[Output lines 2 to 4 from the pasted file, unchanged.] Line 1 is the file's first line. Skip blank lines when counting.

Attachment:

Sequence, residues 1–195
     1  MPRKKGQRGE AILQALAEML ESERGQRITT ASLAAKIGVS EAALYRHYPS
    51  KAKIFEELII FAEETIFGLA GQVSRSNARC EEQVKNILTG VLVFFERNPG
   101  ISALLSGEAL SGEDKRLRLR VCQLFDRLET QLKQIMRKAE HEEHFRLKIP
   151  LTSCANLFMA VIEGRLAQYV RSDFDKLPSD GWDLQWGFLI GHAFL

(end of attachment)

     1  MPRKKGQRGE AILQALAEML ESERGQRITT ASLAAKIGVS EAALYRHYPS
    51  KAKIFEELII FAEETIFGLA GQVSRSNARC EEQVKNILTG VLVFFERNPG
   101  ISALLSGEAL SGEDKRLRLR VCQLFDRLET QLKQIMRKAE HEEHFRLKIP